Reason for the season


As Barbadians observed Emancipation Day yesterday, the significance of the day still seems not to have resonated with the majority of the population.

“Even though Government policy and all of the ministers have been pushing the notion of a Season of Emancipation, it still has not caught on in the way that we would like it to – as being a season which asks us to reflect on our development and struggle for freedom, our accomplishments, our heroes and other leaders who would have forged the privileges and other rights that we have now.

“We ask that people take this season from April 14 until August 23 to reflect on these things and there are specific dates that we’ve highlighted,” Director of the Commission of the Pan African, Dr. Deryck Murray, told Barbados TODAY in an interview ahead of the Emancipation Day Walk.

“The Crop-Over Festival itself, the entire … festival, is considered to be a part of the Season of Emancipation, in other words the Season of Emancipation subsumes Crop-Over and people are often surprised by the additional activities such as the Crop-Over Read In, the Visual Arts and so on that really speak to our cultural development and to our emancipation. Those events don’t get the same profile as the other glamorous events but they are just as important and they’re playing a pivotal role in the development of the psyche of the nation,” he stated.

He contends that Emancipation Day itself was the most important holiday on Barbados’ annual calendar because “it took us a couple centuries of struggle to realise Emancipation”.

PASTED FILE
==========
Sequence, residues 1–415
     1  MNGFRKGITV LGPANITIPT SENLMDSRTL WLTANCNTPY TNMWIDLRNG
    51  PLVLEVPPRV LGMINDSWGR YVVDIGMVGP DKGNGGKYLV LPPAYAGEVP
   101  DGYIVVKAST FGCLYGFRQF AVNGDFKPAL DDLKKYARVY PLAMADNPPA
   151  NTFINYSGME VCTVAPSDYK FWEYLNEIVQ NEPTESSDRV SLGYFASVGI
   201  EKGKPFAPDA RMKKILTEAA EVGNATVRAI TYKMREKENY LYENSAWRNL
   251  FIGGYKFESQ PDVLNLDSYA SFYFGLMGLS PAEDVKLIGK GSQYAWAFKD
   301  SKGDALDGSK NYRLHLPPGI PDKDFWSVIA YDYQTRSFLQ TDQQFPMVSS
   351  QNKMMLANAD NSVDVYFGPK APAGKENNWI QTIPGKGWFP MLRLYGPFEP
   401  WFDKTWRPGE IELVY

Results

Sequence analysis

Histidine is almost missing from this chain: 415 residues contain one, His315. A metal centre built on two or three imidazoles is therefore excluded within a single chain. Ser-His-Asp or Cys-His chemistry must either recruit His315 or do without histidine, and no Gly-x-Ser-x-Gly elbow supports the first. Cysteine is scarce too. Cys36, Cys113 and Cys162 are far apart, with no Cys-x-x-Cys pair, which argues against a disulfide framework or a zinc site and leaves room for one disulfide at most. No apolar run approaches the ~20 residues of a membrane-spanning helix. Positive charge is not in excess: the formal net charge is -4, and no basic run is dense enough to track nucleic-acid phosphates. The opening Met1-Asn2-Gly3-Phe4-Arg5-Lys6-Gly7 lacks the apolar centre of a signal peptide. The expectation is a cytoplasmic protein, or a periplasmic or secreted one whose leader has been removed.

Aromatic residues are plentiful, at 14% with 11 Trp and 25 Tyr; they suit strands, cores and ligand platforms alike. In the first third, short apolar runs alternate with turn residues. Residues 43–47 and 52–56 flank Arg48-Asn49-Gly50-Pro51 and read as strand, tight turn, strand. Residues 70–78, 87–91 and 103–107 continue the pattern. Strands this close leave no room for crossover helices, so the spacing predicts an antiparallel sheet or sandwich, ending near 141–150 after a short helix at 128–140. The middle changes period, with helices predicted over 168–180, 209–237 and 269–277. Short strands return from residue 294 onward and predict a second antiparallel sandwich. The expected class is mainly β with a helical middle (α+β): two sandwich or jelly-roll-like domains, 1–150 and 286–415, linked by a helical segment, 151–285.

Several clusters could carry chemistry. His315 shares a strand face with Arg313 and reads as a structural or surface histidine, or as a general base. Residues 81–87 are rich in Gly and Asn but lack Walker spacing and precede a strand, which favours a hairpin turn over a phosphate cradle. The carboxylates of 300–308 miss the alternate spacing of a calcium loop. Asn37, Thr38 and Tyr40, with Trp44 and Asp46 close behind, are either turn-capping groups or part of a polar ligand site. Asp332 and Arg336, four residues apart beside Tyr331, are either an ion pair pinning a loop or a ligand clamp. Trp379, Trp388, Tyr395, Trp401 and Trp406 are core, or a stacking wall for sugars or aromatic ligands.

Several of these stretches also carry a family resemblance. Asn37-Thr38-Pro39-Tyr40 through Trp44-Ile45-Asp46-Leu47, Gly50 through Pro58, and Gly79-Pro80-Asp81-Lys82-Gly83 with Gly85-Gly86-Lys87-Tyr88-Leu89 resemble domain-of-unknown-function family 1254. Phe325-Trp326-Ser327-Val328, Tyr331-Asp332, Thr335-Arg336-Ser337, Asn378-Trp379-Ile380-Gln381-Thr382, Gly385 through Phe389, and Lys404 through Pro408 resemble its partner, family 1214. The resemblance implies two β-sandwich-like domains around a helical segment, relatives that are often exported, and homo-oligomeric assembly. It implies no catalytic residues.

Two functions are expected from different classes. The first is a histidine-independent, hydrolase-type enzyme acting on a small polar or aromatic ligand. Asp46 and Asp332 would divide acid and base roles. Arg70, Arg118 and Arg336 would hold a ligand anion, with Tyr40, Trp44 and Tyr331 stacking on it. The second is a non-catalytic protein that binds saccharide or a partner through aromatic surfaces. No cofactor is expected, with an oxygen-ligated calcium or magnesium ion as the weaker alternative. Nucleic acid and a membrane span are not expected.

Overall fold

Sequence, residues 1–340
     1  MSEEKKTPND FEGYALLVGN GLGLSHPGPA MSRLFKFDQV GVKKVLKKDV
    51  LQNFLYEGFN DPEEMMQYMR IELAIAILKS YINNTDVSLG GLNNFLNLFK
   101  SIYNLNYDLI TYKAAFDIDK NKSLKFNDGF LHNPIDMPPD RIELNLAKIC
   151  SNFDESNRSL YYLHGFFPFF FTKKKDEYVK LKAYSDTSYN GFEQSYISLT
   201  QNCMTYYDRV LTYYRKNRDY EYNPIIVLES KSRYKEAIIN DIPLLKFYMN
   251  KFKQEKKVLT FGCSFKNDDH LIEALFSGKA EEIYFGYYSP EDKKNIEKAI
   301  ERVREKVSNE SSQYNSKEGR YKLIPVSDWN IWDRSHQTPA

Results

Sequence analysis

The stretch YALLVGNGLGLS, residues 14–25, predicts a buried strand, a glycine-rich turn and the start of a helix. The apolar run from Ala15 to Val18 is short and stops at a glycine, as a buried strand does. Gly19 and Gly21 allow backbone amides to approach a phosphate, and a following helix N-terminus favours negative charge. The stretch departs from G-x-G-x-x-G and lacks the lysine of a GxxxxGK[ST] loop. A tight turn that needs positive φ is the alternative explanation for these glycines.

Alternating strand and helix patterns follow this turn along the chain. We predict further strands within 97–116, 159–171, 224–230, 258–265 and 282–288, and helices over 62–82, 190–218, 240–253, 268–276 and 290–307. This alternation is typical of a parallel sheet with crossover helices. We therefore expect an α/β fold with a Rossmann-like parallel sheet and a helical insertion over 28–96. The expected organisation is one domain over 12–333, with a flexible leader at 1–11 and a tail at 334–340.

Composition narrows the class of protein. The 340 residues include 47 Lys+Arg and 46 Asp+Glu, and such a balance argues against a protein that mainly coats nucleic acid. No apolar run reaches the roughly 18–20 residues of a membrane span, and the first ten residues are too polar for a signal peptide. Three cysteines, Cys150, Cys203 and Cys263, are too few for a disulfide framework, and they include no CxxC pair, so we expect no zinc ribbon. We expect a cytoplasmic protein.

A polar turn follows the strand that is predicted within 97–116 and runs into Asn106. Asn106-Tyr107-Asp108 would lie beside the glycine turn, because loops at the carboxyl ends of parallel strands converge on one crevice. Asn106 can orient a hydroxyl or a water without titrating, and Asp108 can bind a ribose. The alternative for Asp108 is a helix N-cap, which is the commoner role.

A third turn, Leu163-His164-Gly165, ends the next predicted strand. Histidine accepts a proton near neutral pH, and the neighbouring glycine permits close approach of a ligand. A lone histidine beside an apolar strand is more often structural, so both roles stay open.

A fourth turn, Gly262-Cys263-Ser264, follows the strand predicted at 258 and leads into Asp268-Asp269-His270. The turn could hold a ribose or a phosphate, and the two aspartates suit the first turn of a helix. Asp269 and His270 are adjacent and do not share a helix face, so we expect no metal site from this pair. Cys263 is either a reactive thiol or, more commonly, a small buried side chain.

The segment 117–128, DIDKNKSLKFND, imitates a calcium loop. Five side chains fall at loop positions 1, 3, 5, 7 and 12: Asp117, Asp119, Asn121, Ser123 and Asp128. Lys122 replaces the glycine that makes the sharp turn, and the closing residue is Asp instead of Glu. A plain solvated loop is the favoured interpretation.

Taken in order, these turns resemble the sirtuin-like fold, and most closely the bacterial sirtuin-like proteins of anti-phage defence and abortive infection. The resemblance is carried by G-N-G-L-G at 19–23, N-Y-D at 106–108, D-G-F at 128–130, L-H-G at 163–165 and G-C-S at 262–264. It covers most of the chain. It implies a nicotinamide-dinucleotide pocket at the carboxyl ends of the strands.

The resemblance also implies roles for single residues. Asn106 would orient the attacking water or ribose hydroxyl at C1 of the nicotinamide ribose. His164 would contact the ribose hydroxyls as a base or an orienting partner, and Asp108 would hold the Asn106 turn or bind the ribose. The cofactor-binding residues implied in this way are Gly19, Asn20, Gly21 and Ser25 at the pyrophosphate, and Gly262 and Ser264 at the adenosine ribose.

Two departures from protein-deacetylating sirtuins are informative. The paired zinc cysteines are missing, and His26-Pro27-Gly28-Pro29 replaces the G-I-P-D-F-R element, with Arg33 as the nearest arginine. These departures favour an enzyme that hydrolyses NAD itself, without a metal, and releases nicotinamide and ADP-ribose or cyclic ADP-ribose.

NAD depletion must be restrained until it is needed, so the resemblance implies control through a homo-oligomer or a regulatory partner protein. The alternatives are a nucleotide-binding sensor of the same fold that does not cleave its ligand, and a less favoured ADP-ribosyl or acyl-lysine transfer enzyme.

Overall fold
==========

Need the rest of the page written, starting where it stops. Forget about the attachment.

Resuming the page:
“It wasn’t handed to us, the majority black population, from a benevolent god on high or England or a benevolent planter/merchant class. We had to struggle for every inch we’ve been given. It was the same as the 1937 revolts but because we were given the impression that these things were handed to us and we really didn’t fight for them.

“We’ve fallen into a state of complacency and we weren’t given that impression by accident or we didn’t develop it on our own, we were told that. We were programmed in terms of the way that the history was written and what was taught to us that; we were the recipients of the generosity bestowed on us of these freedoms and rights and privileges but if you don’t fight for something or if you’re given the impression that you didn’t have to struggle for it then you become complacent with it.

“You also further never fully understand the magnitude of the work and the sacrifice that the heroes and leaders and your ancestors had to make and that’s why we witness such a weak response and turnout to the commemorations that we use to mark the significant dates including August 1, Emancipation Day,” the director said.

He reminded that it was only recently that Emancipation Day was officially recognised as a holiday and the fact that it took “so long even for our leaders to recognise it properly, is an indication if the distance that we’ve come but the distance that we’ve had to go because it will take some time for the majority of the population to internalise and to make it a part of their psyche”.

Murray said that because Crop-Over had more machinery, in terms of “PR and marketing”, and the string that tied the festival and the Season of Emancipation together was “a relatively recent concept” which would take people some time to appreciate and absorb.

“It is crucial, even if we do it gradually, that the stakeholders in Crop-Over understand the concept of the Season of Emancipation because it gives them some direction and grounding for the development of the Crop-Over Festival itself, in terms of the cultural richness and depth that could be excavated from our linkages with Africa and from the stories of struggle that we can write and rewrite and reproduce, that will give Crop-Over meaning and purpose,” he said. (DS)

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